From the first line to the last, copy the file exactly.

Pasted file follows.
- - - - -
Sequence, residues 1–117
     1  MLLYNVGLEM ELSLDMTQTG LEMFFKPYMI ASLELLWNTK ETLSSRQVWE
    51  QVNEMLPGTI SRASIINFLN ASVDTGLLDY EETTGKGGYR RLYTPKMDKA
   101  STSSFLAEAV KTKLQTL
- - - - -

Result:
Sequence, residues 1–117
     1  MLLYNVGLEM ELSLDMTQTG LEMFFKPYMI ASLELLWNTK ETLSSRQVWE
    51  QVNEMLPGTI SRASIINFLN ASVDTGLLDY EETTGKGGYR RLYTPKMDKA
   101  STSSFLAEAV KTKLQTL